So, plan A - Keep a lid on it! - A factory sealed tin of paint may appear to be jammed shut tighter than a submarine door but in reality, it takes little more than a short drop onto a hard service for a lid to detach in spectacular fashion. It’s also worth noting here that you should never ever ship a tin of paint that has previously been opened. You simply won’t be able to reseal it to the airtight condition it was in prior to opening. Only ever ship new, unopened paint with the seals intact.
Transit Clips & Tape
Lever lid clips, retaining clips, spring clips. As effective as they are simple, these little inventions have time and again proven to be worth a paint tin’s weight in gold. As you’ve probably worked out already, they secure the lids by clamping them to the underside lip of the tin. Not only do they come in a variety of strengths and sizes, but they are a doddle to attach and remove. Better still is that they are extremely inexpensive and readily available online or in store at most DIY outlets.
If tape has not already been applied by the paint’s manufacturer, we recommend taking a belt and braces approach and further securing the lid with a good quality Vinyl (PVC) tape.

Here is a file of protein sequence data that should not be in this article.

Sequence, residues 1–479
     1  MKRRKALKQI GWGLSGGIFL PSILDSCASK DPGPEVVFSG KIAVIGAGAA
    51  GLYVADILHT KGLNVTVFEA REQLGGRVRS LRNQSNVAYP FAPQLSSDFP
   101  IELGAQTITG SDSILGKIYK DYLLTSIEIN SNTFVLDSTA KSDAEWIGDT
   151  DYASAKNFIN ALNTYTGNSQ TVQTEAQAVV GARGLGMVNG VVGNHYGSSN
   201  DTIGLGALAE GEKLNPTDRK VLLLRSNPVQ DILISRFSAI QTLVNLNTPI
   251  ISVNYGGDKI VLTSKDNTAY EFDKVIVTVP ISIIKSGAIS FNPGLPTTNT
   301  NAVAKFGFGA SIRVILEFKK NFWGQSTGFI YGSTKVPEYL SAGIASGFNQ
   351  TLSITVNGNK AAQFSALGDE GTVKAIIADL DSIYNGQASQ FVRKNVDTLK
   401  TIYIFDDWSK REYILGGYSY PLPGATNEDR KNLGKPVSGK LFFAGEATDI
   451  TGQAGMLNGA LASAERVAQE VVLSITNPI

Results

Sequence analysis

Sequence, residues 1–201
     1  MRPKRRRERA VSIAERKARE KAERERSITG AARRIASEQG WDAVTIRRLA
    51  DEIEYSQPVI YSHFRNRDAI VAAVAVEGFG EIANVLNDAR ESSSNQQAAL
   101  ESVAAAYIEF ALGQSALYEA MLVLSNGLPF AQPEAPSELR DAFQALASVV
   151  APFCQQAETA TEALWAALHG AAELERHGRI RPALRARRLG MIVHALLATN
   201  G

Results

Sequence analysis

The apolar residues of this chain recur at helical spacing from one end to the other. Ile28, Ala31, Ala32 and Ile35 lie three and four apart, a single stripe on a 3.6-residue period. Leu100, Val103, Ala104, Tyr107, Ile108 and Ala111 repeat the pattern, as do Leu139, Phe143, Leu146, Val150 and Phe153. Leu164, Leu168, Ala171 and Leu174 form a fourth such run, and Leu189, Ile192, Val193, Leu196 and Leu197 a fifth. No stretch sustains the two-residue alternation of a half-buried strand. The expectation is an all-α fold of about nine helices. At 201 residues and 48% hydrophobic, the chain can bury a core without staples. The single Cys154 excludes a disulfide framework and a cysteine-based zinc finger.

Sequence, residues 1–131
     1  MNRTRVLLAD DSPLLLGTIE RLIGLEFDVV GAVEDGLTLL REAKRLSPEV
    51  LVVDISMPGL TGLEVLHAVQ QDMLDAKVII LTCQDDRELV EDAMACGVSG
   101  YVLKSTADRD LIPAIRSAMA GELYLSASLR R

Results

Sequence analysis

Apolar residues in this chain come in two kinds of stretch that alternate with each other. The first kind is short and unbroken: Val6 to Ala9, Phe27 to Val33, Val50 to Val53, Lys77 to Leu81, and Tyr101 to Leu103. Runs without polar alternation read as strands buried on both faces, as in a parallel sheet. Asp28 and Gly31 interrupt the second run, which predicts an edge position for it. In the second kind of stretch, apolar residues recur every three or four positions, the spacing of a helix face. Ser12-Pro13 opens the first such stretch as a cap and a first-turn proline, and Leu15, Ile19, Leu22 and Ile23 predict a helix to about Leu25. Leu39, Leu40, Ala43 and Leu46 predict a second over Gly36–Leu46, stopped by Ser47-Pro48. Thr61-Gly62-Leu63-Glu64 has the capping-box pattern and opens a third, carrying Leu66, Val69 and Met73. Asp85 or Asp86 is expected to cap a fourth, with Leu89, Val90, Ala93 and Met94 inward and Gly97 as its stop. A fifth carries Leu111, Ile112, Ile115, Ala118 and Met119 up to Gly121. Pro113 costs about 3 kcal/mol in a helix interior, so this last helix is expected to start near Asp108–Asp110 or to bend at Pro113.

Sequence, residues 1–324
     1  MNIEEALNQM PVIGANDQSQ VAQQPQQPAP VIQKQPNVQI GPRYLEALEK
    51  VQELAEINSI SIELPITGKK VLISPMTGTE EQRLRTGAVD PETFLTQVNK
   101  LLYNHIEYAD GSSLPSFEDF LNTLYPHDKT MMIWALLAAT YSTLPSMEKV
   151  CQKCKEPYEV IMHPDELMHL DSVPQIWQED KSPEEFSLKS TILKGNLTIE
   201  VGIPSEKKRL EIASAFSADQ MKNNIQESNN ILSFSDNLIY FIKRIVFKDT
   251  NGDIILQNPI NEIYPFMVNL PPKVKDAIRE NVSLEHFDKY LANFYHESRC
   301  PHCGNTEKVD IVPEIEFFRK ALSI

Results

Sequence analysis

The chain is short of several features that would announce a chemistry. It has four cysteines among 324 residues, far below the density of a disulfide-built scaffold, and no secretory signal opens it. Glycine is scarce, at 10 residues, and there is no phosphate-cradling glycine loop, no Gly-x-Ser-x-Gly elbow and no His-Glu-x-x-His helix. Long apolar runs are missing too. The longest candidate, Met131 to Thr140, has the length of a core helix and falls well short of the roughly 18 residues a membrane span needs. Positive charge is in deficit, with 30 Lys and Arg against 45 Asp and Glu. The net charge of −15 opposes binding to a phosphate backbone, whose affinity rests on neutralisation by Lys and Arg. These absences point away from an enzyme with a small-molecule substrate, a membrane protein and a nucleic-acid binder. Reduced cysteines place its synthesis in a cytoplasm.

As we’ve now established, it’s best to prevent a spill from happening in the first place - but what if the worst does happen? In the event that your transit clips do somehow come loose in transit or if the tin itself is punctured, the paint must be contained at all costs (or as much as possible anyway) which brings us on to plan B - containing a spillage.
The humble plastic bag really can save your bacon in such an event. Be aware however that not all plastic bags are created equal. We at ParcelBroker recommend packaging paint tins in low-density polyethylene (LDPE) plastic bags (otherwise known simply as polybags) before boxing. Aim to use polybags with a minimum thickness of 0.05 mm (200 gauge). These are the ones you will likely have seen housing goldfish at the school fete, and for good reason too. They are designed with durability in mind. They are also relatively cheap (especially in bulk) and 100% recyclable to boot. So, we recommend not skimping here (supermarket carrier bags are best left in the kitchen drawer!).
Should a leak occur, the idea is of course to contain as much paint as possible, so the type of bag seal should also be carefully considered. Zip-lock bags are one option though be prepared to pay a little more for these. If you planning to ship paints (or similar liquids) on regular basis, investing in a polybag heat sealer would be the better option as open top bags are nearly always cheaper.